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Dogs don't kill people, people kill people

Observations from the Edge
Robert T. Nanninga
Coast News
March 27, 2002


"Cry, "Havoc!" and let slip the dogs of war." — William Shakespeare

As of late the ghost of Dianne Whipple has been haunting the city of Encinitas. Conjured up by concerned parents trying to keep dogs leashed in city parks, her gruesome demise will never allow her to rest in peace. A convenient martyr, it is uncertain if Ms. Whipple ever visited the five communities that make up Encinitas, when living and working in San Diego, but that is hardly important now that her death has made her a poster victim for "When Dogs Attack."

Last week, the Encinitas Parks and Recreation Commission listened to five hours of testimony from diligent residents, concerned about the interaction between dogs and humans, canine quality of life, health concerns, traffic, and the slippery slope of nimbyism. I truly believe the result of this discussion will be the betterment of life in Encinitas for canines and their humans, I also understand that people feel so strongly about this issue sometimes their judgment is clouded. It's a shame the dogs can't speak for themselves.

As a rule dogs are born loving and considerate members of whatever social group they find themselves in. As pack animals, dogs evolved depending on complex hierarchies, to survive in a world without Kibbles and Bits. When dogs decided to domesticate themselves, attaching to the gravy train of human convenience, they did so at a terrible price.

Although ensuring their survival, when other animals were driven to extinction, the dogs who first crept close to primitive cooking fires damned distant generations to a life of dependence, confinement, and human role models. Proving civilization to be a dead end street for those wanting to remain free wild canines will soon disappear altogether, further deepening the link between our two species. Because of this symbiotic evolutionary path, dogs should be considered equal participants in the domestication game, not wards of the state.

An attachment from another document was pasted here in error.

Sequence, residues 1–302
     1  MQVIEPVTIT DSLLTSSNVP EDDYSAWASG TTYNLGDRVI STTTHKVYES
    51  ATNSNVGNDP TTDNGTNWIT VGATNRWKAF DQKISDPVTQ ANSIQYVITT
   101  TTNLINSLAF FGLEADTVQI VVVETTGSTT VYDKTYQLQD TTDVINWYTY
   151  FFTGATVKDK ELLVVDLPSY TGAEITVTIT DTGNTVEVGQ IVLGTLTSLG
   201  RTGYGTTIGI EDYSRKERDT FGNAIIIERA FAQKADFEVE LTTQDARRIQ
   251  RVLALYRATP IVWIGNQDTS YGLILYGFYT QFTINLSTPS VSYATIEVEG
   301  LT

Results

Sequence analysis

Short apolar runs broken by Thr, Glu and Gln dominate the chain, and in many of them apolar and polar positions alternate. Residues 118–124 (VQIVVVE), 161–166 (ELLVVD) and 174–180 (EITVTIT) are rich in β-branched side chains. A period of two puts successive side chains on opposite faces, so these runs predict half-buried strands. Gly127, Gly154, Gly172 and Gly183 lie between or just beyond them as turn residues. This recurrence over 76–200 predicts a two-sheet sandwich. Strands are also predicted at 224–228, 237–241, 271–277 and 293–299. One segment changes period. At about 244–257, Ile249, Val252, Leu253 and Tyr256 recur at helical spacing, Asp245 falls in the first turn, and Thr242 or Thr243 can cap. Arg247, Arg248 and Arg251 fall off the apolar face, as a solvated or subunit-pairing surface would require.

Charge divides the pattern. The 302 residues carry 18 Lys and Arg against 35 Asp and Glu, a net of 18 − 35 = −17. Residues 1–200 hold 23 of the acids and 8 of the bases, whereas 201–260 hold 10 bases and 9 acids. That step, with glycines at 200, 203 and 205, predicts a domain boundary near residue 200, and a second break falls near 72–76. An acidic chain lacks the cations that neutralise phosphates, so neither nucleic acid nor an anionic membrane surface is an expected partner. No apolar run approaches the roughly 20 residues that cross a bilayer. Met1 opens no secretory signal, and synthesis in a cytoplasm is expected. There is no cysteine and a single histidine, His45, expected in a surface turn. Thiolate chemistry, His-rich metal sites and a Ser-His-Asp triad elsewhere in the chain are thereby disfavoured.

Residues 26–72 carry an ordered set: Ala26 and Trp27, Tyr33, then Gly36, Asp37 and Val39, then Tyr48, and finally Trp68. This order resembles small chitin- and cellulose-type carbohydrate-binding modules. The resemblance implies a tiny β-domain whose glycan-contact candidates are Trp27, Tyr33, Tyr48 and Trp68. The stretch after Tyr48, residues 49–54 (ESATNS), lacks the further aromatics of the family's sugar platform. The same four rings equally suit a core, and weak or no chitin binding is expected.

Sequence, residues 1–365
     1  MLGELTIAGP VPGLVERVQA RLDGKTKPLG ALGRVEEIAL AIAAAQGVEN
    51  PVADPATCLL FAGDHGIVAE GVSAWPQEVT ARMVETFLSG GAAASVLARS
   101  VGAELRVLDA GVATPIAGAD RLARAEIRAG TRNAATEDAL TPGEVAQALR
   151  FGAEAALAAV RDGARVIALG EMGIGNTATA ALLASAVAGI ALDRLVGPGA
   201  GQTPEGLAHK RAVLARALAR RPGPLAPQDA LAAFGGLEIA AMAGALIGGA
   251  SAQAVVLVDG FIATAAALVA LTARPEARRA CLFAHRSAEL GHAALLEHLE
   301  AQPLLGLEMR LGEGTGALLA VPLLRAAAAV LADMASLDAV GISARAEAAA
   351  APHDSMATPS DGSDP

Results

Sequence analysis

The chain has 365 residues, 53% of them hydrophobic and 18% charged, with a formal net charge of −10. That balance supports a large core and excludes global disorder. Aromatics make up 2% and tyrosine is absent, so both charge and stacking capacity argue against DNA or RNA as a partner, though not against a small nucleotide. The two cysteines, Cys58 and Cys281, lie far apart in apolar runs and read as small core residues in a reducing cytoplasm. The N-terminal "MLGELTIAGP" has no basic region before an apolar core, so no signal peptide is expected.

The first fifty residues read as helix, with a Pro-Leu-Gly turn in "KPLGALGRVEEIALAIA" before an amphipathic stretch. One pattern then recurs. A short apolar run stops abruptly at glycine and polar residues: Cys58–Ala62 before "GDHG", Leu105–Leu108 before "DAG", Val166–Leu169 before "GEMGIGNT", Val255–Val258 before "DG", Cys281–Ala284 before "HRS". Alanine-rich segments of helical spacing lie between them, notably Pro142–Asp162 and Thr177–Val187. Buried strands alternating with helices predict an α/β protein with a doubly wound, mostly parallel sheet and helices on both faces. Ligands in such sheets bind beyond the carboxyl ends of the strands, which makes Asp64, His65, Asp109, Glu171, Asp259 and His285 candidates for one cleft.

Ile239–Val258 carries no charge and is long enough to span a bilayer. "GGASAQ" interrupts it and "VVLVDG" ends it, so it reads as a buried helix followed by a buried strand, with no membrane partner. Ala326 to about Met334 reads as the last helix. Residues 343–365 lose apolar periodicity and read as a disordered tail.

Dogs are said to be man's best friend, with many people experiencing these loyal mammals as wise companions, dedicated caregivers, and members of the family. Without proper nurturing dogs and people can turn brutal and deadly, either though neglect or abuse. And like human children, in the absence of attentive and patience social interactions, bad behavior becomes ingrained to the point of dysfunctional aggression and sociopathic violence.

Lost in mass mediated trauma drama swirling around the dog attack in San Francisco, was an even more horrific death on Valentines day. In Mauston, Wisconsin six Rottweilers mauled to death 10-year-old Alicia Lynn Clark while she played with daughter of the dog's owners. The parents, who were away at the time of the attack, have been charged with homicide relating to the keeping of a vicious animal. Can you say Marjorie Knoller?

Besides the viciousness of the attacks and the fact that all the dogs involved were bred for violence, the most telling similarity of these two cases, the men most responsible for the social conditioning of these animals were felons. In the case of Diane Whipple, the Presa Canarios, Bane and Hera, were trained by a white supremacist, who is now serving a life sentence at California's Pelican Bay State Penitentiary on an unrelated matter.

I would be remiss in failing to acknowledge most dogs have kind and considerate people looking after them. Because of such kind stewardship, the majority of dogs are far less threatening than their human counterparts. That is except for a certain dog named Red who dislikes me for a reason only he knows. His human and I suspect Red was abused by someone with a beard, whatever his motive I keep my distance, just in case he feels the need to lash out at someone.

Ironically, humans seem to tolerate human generated carnage much easier than death by dog and other assorted maulings. Perhaps this is due to human on human violence being the norm and killer dogs being a rare and unusual occurrence. Sociopathic dogs, although guilty and in need of euthanazing, are hardly responsible for their behavior. It was the violent tendency of humans that turned an innocent puppy into the monster that ripped out Dianne Whipple's throat.

For those of you who have yet to notice, dogs are not the ones waging war across the planet. Dogs do not practice genocide, ethnic cleansing, or incarcerate other species for fun and profit. Nor are dogs responsible for the nuclear arsenals capable of bringing about planetary extinction, the industrial society responsible for global warming, or the millions of other crimes against the biotic community.

If only Man was Dog's best friend.

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